“In just a couple of years, I’ve gotten a lot of repeat business and people will refer me to their neighbors,” he says.

Forming an alliance with a replacement shop also can be a benefit.

“When I encounter a windshield that I cannot repair, I am very honest with people and I do my best to refer to replacement shops,” says Wurst.

“Now they have started sending some [repair work] back, even though I give them a lot more money than they give me,” he chuckles.

3. The Bait and Switch
Though forming an alliance can be of value, not all businesses are ready for such an agreement. And there’s an old technique against which many repair-only businesses still compete—the “bait and switch.”

“A lot of times these repair/replacement companies charge a high cost for a repair on purpose because they make more doing a replacement,” says Huckle. “Then, if [the repair] doesn’t hold, they’ll deduct the cost of the repair from the cost of replacement. A lot of times, they might do a sloppy job to drive the [need for a] replacement.”
Wurst sees this in his area as well.

“I’ve talked to a lot of guys who, when they do repairs, hope that [the windshields] crack later,” he says. “If it cracks later, they’ll give a credit on a new windshield and [the customer will] be forced to go to that company for a replacement.”

He likens it to a tire business that doesn’t align your tires properly, making the tires wear out more quickly.

“The failure of one service can enhance the other service,” he says.

Despite struggling against businesses that do both items, many still prefer to stay specialists in the repair business alone.

“I’ve been told for many years that I should get into replacement, but I like being the repair authority,” says Wurst.

4. Working with Networks
Working with third-party administrators and glass claims networks has its advantages, many say, but it also can create some headaches for a repair-only business. First, there’s billing.

“I can’t survive on what they offer [to pay for repairs], because what I offer is a far greater service than what they’re paying for,” says Wurst. “I’m stuck telling the customers, ‘your insurer says it will pay 100 percent, and that’s not really true.’ That’s part of that bad information.”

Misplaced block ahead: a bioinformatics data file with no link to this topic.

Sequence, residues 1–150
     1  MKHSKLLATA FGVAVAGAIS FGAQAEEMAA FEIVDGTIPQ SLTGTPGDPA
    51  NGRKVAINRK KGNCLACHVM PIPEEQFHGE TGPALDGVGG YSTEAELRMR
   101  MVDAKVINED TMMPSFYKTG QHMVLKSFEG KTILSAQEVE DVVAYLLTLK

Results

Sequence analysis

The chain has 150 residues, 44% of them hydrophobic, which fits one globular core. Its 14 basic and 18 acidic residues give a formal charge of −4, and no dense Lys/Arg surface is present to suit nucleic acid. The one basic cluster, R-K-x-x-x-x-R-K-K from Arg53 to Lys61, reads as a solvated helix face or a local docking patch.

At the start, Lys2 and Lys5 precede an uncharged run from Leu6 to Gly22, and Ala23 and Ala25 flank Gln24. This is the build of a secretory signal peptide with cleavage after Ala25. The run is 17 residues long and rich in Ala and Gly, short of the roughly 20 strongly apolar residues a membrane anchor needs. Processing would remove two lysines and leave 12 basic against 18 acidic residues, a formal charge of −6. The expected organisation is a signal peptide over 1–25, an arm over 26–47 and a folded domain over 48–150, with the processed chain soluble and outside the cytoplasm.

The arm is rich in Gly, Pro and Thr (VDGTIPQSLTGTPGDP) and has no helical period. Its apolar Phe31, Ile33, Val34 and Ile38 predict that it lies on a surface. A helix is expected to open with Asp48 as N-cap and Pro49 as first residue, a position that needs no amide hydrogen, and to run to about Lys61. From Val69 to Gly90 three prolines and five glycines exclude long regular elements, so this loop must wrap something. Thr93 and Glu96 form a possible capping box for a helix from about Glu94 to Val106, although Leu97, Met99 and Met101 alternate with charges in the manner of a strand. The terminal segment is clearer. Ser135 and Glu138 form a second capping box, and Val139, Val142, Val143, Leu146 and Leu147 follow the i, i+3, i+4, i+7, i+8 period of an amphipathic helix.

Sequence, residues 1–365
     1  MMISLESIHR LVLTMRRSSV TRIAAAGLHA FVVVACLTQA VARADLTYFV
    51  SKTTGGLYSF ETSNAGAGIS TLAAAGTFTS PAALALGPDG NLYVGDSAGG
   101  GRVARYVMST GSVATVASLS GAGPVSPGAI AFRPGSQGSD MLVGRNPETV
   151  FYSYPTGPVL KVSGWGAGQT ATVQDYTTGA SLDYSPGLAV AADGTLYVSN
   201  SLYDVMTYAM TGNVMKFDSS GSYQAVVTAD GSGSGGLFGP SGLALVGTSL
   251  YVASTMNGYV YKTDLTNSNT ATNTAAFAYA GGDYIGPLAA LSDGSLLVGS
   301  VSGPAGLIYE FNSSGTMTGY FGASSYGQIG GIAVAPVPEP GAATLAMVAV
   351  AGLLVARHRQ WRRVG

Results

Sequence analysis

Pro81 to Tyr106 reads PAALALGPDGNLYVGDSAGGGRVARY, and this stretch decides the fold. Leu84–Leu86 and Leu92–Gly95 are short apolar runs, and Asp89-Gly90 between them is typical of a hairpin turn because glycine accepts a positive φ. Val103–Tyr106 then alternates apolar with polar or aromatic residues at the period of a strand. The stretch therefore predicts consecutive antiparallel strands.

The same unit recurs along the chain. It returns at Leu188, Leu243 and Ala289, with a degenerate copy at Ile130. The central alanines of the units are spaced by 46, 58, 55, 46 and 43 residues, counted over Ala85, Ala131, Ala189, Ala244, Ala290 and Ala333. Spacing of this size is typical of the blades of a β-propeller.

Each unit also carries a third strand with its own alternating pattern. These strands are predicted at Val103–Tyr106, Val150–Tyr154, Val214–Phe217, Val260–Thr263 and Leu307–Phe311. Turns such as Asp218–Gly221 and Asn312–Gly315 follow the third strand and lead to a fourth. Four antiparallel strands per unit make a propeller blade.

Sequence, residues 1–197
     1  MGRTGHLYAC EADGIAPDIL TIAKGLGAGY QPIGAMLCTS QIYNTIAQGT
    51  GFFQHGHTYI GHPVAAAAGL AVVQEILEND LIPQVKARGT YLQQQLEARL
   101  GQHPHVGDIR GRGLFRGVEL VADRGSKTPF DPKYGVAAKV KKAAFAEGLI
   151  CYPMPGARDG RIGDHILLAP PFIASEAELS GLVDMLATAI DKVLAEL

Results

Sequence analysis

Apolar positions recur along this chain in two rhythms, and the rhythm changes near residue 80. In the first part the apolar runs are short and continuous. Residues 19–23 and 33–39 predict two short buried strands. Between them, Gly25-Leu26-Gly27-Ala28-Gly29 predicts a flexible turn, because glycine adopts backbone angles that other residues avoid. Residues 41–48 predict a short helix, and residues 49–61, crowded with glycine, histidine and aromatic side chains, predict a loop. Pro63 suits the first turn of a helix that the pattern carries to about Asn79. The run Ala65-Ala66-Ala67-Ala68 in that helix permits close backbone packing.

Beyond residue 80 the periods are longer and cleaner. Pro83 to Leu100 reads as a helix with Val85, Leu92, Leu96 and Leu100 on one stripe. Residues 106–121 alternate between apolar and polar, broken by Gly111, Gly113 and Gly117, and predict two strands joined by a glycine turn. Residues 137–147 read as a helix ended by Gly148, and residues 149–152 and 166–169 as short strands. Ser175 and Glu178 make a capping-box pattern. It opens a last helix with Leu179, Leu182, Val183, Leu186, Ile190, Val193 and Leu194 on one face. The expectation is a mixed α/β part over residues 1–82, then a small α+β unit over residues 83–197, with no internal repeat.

To combat this, Wurst has his customers pay him directly and then they submit these to the insurer directly for re-imbursement.

“That’s the only way I’ve been able to survive the last five years,” he says.

As for getting leads from networks, it can vary.

“I’ll have a month where I’m getting maybe three, four or five LYNX calls a week, and then I’ll go a month or so when I don’t hear from them at all,” says Cawood.

And, even if you don’t get referrals from the networks, Cass says he’s found it helpful to be listed on them so that he can help a customer off the street more easily.

“If you don’t get on their lists, you’ll lose business—not referral business but people walking through your doors,” he says. “You’re going to have to call that network anyway [even if you’re not on it].”

When Steering Impacts Repair-Only Businesses
Though windshield repair-only businesses face a range of issues unique to their industry, they also share a concern with many independent replacement businesses—that of steering (or what some call “deceptive referrals”) by third-party administrators (see related story on page 26).

“Just last week I lost a job to Safelite,” says Jeff Wurst, owner of Crack Master in Redding, Calif. “The customer was in my shop, ready to do a repair and Safelite talked them out of using me.”

Mike Cass, owner and founder of Eco-Smart in Peoria, Ill., has also had some steering issues, so he tries to prep his customers prior to calling their insurance companies.

“When insurance comes up, I’m not going to push [a potential customer] not to call his agent, but I do warn them that that their agent’s going to tell them ‘even though you may have contacted xx, you may want to contact this company and this company,’” he says. “I can’t say that I’ve been 100 percent successful with that, but all you can do is keep trying.”

Penny Stacey is the editor of AGRR magazine.